03/21/2003 1:00AM

McClelland era remembered fondly


From King Maple to Gandria, the Donald "D.G." McClelland era in Canadian horse racing and breeding was long and successful.

Another Woodbine season is beginning this weekend, but the local industry lost one of its most influential members when McClelland died in January at the age of 82.

In a half-century of raising his own Thoroughbreds, McClelland, with the help of his family, bred dozens of stakes winners at his Farm on a Hill in King City, Ontario.

McClelland also developed a commercial breeding program that was one of the most successful and longstanding in the history of the local yearling sales.

"It was an economic necessity to be market breeders," said Ian McClelland, one of five McClelland children. "By and large, a number of the ones we raced were ones that we were left with."

King Maple, a son of the McClelland foundation mare Noon Maid, won 11 stakes races, from ages 2 to 5. He had 19 victories in 63 starts and was named the 1953 Canadian Horse of the Year for McMacken Stables.

McClelland was an active member of the Canadian Thoroughbred Horse Society and a president of the organization in the 1970's. He was on the board of directors of the Jockey Club of Canada when he died.

Among the McClelland-bred stakes winners in the late 1950's and early 1960's were Real Sensible, who was trained by Jerry Meyer and won stakes at 2, Rhythm Sal, Grand Passion, and Greek Salt.

In 1983, McClelland sold a Le Fabuleux colt out of Jansum Regal to Ernie Samuel for $77,000 at the Woodbine yearling sale. Named Dauphin Fabuleux, the colt became one of Samuel's first champions, winning four major stakes races as a 2-year-old and earning Horse of the Year honors.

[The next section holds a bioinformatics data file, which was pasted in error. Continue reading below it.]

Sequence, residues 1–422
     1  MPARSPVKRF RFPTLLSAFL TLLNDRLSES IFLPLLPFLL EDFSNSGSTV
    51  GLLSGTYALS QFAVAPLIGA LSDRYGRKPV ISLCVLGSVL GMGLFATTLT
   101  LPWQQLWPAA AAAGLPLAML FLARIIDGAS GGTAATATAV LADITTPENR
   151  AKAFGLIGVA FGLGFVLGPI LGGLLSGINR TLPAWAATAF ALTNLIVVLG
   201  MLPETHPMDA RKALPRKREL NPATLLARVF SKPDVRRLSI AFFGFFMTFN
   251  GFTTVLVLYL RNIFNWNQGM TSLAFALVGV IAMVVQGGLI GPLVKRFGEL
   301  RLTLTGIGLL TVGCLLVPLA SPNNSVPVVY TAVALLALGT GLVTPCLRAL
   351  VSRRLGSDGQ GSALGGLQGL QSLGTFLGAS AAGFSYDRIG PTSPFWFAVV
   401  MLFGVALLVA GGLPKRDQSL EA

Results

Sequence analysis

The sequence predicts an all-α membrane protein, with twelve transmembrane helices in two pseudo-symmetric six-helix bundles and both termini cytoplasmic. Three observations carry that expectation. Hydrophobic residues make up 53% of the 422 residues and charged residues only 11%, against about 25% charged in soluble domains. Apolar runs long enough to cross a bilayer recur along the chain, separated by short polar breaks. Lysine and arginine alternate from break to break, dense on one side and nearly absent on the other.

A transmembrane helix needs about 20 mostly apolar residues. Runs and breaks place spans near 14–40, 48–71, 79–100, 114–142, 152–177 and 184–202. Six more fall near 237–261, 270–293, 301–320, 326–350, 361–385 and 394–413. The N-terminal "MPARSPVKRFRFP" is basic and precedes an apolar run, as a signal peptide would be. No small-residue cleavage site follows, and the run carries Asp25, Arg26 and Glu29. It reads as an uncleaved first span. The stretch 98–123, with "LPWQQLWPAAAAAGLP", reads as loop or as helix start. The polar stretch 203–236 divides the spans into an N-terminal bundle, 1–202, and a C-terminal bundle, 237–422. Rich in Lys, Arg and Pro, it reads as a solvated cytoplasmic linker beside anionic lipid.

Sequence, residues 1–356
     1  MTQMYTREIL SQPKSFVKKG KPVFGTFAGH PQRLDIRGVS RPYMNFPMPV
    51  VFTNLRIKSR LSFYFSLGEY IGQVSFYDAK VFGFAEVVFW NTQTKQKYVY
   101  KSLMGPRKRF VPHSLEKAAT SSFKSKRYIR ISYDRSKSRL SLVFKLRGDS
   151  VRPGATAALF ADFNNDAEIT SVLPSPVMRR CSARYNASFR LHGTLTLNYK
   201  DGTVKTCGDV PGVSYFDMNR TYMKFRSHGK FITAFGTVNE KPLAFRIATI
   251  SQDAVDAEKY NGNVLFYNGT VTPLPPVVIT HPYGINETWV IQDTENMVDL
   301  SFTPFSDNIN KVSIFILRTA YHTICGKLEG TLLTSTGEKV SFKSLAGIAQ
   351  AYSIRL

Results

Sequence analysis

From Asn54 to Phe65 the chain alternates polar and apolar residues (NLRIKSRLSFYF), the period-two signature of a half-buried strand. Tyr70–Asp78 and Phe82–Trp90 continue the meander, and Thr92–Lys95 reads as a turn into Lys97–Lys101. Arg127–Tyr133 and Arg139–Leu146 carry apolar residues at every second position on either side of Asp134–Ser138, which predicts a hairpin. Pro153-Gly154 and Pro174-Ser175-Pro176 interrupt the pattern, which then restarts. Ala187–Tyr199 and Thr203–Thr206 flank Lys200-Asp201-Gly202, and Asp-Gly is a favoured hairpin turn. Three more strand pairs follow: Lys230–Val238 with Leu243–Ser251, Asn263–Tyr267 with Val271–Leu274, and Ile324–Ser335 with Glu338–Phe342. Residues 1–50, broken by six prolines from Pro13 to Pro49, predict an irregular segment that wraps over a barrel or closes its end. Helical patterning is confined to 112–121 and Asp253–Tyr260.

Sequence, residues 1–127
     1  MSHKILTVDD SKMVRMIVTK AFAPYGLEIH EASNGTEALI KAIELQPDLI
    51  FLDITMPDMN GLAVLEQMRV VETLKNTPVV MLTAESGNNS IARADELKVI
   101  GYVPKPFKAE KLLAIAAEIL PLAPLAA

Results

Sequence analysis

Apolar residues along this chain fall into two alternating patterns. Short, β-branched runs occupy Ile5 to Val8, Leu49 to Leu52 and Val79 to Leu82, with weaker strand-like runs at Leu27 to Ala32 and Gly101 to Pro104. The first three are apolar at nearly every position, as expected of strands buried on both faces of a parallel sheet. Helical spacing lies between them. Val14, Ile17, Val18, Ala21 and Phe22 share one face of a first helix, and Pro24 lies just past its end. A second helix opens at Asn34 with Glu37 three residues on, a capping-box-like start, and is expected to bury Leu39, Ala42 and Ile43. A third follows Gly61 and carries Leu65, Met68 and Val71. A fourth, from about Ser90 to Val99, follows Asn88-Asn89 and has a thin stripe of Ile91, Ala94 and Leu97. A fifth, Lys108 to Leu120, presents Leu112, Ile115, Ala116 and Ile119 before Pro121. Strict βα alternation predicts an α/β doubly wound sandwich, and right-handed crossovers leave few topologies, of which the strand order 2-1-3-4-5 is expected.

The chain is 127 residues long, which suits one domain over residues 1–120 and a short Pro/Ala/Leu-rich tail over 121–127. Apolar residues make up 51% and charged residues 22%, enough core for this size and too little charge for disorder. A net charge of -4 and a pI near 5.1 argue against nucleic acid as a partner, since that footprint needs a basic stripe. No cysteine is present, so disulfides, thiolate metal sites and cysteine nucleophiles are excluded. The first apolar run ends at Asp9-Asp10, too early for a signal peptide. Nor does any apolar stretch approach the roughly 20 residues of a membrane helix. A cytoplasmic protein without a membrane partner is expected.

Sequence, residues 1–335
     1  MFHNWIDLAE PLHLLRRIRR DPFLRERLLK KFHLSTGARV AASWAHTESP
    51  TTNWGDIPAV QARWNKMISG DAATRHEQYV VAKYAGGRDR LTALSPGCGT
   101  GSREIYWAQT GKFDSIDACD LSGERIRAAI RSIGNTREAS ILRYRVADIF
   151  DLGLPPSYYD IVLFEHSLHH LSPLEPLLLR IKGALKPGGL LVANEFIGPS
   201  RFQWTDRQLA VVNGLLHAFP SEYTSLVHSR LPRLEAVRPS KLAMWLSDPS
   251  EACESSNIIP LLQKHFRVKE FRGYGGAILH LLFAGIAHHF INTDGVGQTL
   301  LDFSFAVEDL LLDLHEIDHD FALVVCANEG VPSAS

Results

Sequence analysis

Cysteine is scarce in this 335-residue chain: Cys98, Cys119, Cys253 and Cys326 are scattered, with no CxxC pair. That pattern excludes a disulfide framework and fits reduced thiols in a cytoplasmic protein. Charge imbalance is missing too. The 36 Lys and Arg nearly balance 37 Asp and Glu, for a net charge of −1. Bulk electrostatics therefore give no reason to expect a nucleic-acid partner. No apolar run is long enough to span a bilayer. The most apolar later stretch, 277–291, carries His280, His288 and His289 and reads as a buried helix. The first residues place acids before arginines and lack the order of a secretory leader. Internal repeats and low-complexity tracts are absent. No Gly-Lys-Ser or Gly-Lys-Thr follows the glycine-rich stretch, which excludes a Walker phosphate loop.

In 1989, Jansum Regal provided McClelland with his best racehorse when she foaled Myrtle Irene, a daughter of Commemorate. A small horse, Myrtle Irene won 14 of 42 starts, five stakes races, and earned more than $713,000.

"Myrtle revitalized our farm," said Ian McClelland. "We were able to do a lot of repairs, put an extension on our arena, build new fences, and clean up some fields."

One of the most popular horses bred by McClelland in recent years was champion 3-year-old filly Gandria, who earned more than $665,000 and won the 1999 Prince of Wales Stakes for Arosa Farms.

In January 2003, the McClellands sold all but one of the family's mares, including Myrtle Irene. Its remaining seven yearlings, which will be sold in September, may be the last consignment for the McClelland dynasty.

Canadian-bred tops sale

A filly by American Chance, bred in Ontario by Taylor Made Farm Inc., topped last week's Ocala Breeders' Sales March 2-year-old sale at $350,000. The dark bay filly was foaled at Vera Simpson's Curraghmore Farm in Waterdown and was a $40,000 yearling purchase at last fall's Keeneland September sale by trainer Mark Casse.

"She has as good a walk as any horse you'll ever see," Casse told The Blood-Horse. "And that walk carried onto the racetrack. She's Canadian-bred, which makes her eligible for a tremendous program."

Team Valor's Barry Irwin, who raced Canadian champion 2-year-old Added Edge last year, bought the filly on the recommendation of Casse, who trains Added Edge.